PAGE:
1862-63: Edwin Perry to brother

How Edwin might have looked

How Edwin might have looked

These letters were written by 18 year-old Edwin Perry (1844-Aft1880), the son of Daniel Bliss Perry (1802-1879) and Lydia Ann Carpenter (1805-1883) of Rehoboth, Bristol County, Massachusetts. Edwin learned the trade of manufacturing bobbins (occupation called “turner”) for cotton factories from his father.

For some reason, Edwin did not join the other boys from Rehoboth in Company H of the 40th Massachusetts. Rather, he enlisted in Company C, 11th Rhode Island Infantry. He mustered out of the service on 13 July 1863. He was married to Ella J. Perry (1851-19xx) sometime after the war and continued to reside and carry on the family business in the vicinity of Rehoboth, Massachusetts.


In Camp near Miner’s Hill, Virginia
October 21, 1862

Dear Brother,

Your favors of the 10th and 17th instant I received last evening and I acknowledge the receipt of ten dollars — many thanks for it.

Last night we received marching orders and early this morning after partaking  of an early breakfast, this regiment together with the 133rd New York and 22nd Connecticut Regiments took up our line of march for this place. The weather was quite cool so that we were greatly favored in carrying our load which consisted of a well-stuffed knapsack, haversack, canteen, musket, and equipments with forty rounds of cartridges.

We reached this ground about ten o’clock this morning and after marching and countermarching for another hour at last halted on a turnip field and a orchard. By two o’clock we had our tent put up and now four o’clock all the boys excepting [Pvt. Orin F.] Munroe are asleep. He is writing like me.

We received orders not to be too particular about putting up tents as we were to march again tomorrow — some say further to the right — others toward Harpers Ferry — and others to our old camping ground and from thence to Washington and then to Port Royal. The latter seems to have the best foundation as two companies which were to go on picket duty after receiving their rations, packing their clothes, marching some distance were ordered back, and if we were going but a few miles in any direction, they would not [have] been recalled.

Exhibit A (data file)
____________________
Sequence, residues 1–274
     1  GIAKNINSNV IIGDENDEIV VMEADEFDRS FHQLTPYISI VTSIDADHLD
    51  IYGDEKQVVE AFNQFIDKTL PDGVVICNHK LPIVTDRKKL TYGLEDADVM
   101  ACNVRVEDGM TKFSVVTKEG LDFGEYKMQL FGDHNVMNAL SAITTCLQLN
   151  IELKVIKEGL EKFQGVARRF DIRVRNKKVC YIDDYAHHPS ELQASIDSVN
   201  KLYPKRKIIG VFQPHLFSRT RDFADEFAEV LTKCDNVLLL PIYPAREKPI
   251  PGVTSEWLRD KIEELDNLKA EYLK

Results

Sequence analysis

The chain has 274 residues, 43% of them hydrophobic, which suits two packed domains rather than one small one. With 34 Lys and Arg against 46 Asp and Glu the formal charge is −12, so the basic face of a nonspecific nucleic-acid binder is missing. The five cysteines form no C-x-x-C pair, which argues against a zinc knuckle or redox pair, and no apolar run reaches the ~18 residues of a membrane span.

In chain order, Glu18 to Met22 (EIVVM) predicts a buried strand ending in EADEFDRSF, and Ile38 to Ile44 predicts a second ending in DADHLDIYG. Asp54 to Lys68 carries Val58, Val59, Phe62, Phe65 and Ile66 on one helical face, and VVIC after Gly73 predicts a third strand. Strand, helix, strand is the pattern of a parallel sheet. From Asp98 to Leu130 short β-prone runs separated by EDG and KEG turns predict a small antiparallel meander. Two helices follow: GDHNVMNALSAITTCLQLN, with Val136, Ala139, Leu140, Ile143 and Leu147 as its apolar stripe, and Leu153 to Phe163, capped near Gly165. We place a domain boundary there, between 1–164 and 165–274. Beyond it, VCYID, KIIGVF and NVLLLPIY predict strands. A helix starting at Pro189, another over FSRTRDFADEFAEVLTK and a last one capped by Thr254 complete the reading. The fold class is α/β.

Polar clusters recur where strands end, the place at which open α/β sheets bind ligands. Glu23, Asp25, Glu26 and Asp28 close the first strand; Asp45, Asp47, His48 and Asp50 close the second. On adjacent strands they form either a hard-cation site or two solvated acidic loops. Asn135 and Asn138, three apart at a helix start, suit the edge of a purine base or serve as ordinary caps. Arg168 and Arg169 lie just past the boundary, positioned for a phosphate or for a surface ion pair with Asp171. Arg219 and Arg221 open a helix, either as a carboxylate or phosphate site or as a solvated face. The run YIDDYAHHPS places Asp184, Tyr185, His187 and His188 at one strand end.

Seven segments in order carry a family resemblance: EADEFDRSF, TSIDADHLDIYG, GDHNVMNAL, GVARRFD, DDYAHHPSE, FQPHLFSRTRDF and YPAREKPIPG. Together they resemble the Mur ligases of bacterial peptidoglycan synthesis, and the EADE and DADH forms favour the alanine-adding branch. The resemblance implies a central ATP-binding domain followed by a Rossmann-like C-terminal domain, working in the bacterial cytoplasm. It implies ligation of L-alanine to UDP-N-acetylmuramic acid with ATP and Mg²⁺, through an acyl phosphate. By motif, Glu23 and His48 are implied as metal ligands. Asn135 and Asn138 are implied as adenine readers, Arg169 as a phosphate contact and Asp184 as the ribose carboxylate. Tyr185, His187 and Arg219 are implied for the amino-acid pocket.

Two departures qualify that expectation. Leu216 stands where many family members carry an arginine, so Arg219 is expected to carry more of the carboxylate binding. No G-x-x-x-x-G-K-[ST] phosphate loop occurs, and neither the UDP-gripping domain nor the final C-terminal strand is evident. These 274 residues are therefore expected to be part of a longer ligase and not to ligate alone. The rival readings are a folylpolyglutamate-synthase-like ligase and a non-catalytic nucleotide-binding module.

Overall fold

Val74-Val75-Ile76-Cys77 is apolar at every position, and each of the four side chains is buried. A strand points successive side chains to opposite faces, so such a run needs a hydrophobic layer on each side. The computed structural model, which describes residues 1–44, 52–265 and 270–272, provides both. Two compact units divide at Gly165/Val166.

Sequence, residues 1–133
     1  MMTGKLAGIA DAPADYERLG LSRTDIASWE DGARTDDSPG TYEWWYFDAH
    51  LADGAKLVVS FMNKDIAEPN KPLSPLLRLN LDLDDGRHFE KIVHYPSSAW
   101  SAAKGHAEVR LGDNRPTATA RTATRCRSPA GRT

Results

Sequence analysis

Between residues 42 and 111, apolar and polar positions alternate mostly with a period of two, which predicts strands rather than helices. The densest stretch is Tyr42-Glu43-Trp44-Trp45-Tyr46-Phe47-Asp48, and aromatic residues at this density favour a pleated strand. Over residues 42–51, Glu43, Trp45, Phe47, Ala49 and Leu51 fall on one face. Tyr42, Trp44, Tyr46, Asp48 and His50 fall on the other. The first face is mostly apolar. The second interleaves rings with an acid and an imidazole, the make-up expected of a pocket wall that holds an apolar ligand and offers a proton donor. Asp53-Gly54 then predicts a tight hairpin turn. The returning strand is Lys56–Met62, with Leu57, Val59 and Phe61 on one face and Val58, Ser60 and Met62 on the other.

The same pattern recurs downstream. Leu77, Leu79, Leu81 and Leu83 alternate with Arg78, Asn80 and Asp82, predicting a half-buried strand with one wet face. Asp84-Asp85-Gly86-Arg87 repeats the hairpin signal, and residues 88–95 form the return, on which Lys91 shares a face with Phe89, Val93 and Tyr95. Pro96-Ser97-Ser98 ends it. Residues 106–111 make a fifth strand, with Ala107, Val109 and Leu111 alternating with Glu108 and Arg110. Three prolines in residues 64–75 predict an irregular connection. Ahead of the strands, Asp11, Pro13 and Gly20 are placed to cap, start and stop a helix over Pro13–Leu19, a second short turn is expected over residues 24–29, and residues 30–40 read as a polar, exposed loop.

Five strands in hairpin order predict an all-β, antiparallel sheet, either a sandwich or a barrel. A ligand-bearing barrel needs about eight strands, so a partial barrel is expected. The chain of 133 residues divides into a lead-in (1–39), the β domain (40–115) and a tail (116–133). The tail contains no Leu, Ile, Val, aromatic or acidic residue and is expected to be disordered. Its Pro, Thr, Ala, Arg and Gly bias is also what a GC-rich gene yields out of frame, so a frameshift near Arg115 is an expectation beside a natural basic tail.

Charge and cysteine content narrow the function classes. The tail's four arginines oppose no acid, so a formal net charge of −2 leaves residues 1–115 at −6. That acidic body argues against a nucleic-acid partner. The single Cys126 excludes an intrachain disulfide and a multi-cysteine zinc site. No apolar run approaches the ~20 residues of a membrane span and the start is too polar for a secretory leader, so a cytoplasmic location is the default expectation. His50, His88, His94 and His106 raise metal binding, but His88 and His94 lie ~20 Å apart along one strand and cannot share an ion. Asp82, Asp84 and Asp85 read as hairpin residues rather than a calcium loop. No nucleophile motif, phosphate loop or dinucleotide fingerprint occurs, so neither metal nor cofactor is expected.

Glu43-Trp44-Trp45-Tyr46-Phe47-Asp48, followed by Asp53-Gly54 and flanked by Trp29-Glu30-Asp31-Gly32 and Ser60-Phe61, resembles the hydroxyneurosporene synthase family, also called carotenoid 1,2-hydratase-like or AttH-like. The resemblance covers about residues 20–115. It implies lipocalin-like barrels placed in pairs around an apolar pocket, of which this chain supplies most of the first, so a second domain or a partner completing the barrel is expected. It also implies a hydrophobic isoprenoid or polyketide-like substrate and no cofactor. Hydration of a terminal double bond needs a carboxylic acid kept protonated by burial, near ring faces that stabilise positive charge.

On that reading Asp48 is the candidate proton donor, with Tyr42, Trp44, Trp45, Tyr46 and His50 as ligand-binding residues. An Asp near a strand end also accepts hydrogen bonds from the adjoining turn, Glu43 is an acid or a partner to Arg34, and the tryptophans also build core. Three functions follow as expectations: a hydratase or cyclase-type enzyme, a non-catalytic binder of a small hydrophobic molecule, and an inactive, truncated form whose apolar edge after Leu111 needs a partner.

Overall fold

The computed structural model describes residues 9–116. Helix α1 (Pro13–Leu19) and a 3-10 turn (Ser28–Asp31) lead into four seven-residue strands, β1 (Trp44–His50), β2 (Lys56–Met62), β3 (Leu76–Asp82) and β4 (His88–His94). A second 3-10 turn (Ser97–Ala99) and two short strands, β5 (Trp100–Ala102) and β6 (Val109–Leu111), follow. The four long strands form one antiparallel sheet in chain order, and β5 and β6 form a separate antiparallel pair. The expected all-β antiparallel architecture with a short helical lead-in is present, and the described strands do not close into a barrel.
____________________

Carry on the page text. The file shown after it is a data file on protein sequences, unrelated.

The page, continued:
In reply to your questions I would state that we’re last I knew or heard (the orders are read at dress parade) in Gen. [Heber] Cowden’s Brigade, Gen. Abercrombie’s Division, and Gen. Heintzleman’s Army Corps of the defense of Washington. I think the captain is improving in his way of discipline.

We are now about eight miles from Washington. My health is and has been as good as I could ask for. As far as sleeping on the ground is concerned, I do not dislike it in warm weather but when it is cold, I’d rather sleep in a tent.

I am sorry that Father’s health is so poor but he must not worry himself on my account as I am enjoying myself “tip top.”

About obtaining Government small currency I would state that it is about the only kind of change in circulation here but then I think it would be very difficult to obtain any amount. But if I can do so, I will send it on to you.

Send my love to all the folks. Tell Ida I send her a kiss. We move so often that do do not have chance to think about any person as anything. The 40th Massachusetts containing the Attleboro & Rehoboth Companies of three year’s men is in our brigade and is encamped near us.

No more at present. Yours in haste.

— Edwin Perry, Co. C, 11th Regiment R.I.V., Washington D. C.

Hospital [Regiment encamped at Miner’s Hill, Va.]
January 8, 1863

Dear Brother,

Your favor of the 3rd instant has been received together with a letter from father which I received last night. I continue to gain strength with every effort. I have walked up to camp and back again every day for a week — some days twice as far.

The box you sent is a rich treat, I tell you. I am living high and sleeping in the hospital. Yesterday the Doctor gave me my discharge from this institution and told me to report at camp but the head nurse has took the responsibility of keeping me here a while longer. He thought I was not strong enough to endure camp life. I’d rather stay here a week longer than to go to camp [just] now. There has been another sudden change in the weather from warm to cold accompanied by high winds which are very uncomfortable on these high hills where the division is encamped.

Yesterday they brought a man here who has had the fever and ague together with convulsions. During these times, it takes four men to hold him. This forenoon he has had one chill and four convulsions. He can not stand them a great while longer and live. When he is reasonable, he cries considerable and says he never shall get home. This a solemn sight but this is one of the fortunes of war. But a person gets used of these things seeing it continually before him. I saw a case of sympathetic mania today in the case of one of the patients. Soon after the man had passed through the convulsions, I spoke of this patient (who has the pleura pneumonia) was taken in the same way as other although not quite as hard. As I now write, one of these men is on the way to the General Hospital at Washington; the other will probably go tomorrow. They can’t go too soon for me.